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The Spokesman-Review Newspaper The Spokesman-Review

Spokane, Washington  Est. May 19, 1883
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Expansion of tiny, cottage homes gets Spokane City Council’s OK

Legislative changes passed this week are intended to promote infill development in areas all over the city by increasing the density allowed in certain areas and speeding up the process of approving “pocket development” projects. The goal is to increase affordable housing, city lawmakers and planners said.

Public comment deadline set for Spokane County septic tank rules

State officials are reviewing tighter regulations for installation of septic tanks along Spokane County shorelines. In general, septic tanks will not be allowed within 200 feet of the shoreline. Larger lots could only be developed with a septic tank more than 200 feet from the shoreline.

Judge denies stay on urban growth

A group of progressive organizations is trying to block urban sprawl by appealing changes to Spokane County’s urban growth area. Spokane County commissioners in July voted to add nearly 4,000 acres to areas where urban development is allowed. That expansion is about a third smaller than what was first proposed to commissioners this year. Last week, the coalition asked a Spokane County Superior Court judge to delay enactment of the growth boundary expansion pending the appeal.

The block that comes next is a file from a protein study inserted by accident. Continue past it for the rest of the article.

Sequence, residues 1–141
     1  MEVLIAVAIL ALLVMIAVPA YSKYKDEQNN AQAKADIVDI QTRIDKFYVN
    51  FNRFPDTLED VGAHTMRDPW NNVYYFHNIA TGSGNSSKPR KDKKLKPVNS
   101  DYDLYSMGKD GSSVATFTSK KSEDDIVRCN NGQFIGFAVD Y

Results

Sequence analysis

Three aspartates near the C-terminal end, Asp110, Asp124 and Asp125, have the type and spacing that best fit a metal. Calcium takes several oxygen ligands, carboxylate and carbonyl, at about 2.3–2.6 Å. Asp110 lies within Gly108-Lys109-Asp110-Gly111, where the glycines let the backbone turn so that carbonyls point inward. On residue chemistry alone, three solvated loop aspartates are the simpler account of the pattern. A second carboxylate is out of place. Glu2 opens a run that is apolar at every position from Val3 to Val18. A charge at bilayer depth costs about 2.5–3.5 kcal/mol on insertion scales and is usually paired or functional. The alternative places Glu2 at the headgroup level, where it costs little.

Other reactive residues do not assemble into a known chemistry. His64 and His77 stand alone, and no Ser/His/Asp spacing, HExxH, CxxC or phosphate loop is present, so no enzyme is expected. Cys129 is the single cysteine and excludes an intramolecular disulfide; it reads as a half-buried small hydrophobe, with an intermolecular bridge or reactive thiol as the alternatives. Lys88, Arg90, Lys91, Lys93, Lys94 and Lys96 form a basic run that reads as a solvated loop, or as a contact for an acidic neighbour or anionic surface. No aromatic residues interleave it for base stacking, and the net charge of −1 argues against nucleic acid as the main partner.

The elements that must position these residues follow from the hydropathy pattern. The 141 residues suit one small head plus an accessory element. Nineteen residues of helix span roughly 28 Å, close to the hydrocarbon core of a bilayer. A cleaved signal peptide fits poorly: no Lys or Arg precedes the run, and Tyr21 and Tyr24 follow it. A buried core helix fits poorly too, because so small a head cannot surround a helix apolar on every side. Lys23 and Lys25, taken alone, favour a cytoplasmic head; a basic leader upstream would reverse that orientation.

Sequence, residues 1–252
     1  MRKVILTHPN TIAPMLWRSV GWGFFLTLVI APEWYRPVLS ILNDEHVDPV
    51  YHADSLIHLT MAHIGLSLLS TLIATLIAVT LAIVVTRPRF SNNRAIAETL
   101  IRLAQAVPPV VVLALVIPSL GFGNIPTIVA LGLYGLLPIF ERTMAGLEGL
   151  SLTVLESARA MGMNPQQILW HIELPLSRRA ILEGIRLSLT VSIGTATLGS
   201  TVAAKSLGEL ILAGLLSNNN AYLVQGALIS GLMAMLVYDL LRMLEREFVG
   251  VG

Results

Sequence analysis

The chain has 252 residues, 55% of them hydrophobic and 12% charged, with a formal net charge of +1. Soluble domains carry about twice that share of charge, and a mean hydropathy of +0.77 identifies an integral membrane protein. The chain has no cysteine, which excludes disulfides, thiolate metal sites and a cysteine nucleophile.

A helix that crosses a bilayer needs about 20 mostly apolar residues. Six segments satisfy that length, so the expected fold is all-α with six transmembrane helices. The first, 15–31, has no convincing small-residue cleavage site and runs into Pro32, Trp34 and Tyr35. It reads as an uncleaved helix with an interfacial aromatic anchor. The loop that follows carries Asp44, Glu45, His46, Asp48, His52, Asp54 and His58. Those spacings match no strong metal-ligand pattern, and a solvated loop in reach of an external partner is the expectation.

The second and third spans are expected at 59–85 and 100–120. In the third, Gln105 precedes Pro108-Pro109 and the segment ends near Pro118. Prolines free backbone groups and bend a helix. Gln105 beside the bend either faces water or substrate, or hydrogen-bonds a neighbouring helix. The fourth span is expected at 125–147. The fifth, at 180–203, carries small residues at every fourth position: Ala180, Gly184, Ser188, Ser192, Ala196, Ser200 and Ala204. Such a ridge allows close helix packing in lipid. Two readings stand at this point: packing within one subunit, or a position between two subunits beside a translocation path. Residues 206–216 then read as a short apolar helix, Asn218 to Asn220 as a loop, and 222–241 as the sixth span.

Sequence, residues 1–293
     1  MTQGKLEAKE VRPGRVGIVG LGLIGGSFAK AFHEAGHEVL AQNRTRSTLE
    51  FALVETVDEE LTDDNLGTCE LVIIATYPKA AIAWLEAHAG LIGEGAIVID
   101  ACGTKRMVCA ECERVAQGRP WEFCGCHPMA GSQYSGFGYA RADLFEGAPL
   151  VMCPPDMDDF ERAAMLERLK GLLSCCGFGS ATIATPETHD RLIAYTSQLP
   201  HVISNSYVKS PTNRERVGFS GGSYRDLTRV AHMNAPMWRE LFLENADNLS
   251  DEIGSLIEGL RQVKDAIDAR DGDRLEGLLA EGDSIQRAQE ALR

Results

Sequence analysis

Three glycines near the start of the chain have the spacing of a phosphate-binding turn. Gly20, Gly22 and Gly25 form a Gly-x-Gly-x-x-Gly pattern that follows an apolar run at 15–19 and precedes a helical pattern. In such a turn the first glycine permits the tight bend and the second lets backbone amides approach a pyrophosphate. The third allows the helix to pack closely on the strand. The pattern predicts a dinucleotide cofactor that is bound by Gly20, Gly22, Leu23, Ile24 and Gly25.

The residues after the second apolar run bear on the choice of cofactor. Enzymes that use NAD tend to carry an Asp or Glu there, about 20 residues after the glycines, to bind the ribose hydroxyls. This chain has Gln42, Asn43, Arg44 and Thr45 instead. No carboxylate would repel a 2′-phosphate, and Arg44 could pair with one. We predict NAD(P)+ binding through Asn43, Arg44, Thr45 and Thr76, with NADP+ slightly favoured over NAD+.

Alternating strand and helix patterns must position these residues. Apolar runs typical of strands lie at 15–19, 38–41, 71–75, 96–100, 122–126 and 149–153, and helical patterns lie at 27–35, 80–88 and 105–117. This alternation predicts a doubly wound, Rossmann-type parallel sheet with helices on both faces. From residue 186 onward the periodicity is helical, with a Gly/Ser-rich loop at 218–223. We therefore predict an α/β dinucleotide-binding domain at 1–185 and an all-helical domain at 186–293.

Bill lets 4 counties drop growth act

OLYMPIA – The state’s environmental community is fighting a plan to allow four lightly populated Eastern Washington counties to opt out of the Growth Management Act. But in trying to generate opposition to the proposed change, the group Futurewise seriously overstated the impact that law has on Ferry County, one of four that would be allowed to drop the law under HB 1094.

Goals include safe access for walkers, bicyclists

It really had nothing to do with the snow. Dave Robertson, 44, of west Spokane, was walking home from his job at Rings and Things downtown at dusk, on one of the first snowy days in December. Headed west on Second Avenue, he waited at the crosswalk to cross Monroe Street. “The light changes, I start out, the traffic starts out and then, one, two, three, four, bam – I was hit from the right by a car,” Robertson said. The car hit him at knee-level, he buckled and fell, grabbing for the windshield of the car, and the driver stopped.

Stevens County must factor lynx habitat in plan

Stevens County must protect habitat for Canada lynx as part of the county’s growth planning, a recent court decision says. Fewer than 100 of the shy forest cats are believed to remain in Washington. Their territory includes high ridges in the northeast corner of the state, where the lynx’s large feet and long legs help them navigate deep snows and stalk snowshoe hares, their preferred food.